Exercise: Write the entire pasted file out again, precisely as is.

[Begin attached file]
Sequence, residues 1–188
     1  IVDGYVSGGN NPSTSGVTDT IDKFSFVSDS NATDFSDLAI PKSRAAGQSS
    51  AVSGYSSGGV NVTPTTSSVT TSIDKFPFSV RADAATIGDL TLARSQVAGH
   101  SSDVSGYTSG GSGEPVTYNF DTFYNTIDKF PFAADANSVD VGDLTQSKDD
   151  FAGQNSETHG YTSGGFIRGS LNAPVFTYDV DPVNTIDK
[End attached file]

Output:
Sequence, residues 1–188
     1  IVDGYVSGGN NPSTSGVTDT IDKFSFVSDS NATDFSDLAI PKSRAAGQSS
    51  AVSGYSSGGV NVTPTTSSVT TSIDKFPFSV RADAATIGDL TLARSQVAGH
   101  SSDVSGYTSG GSGEPVTYNF DTFYNTIDKF PFAADANSVD VGDLTQSKDD
   151  FAGQNSETHG YTSGGFIRGS LNAPVFTYDV DPVNTIDK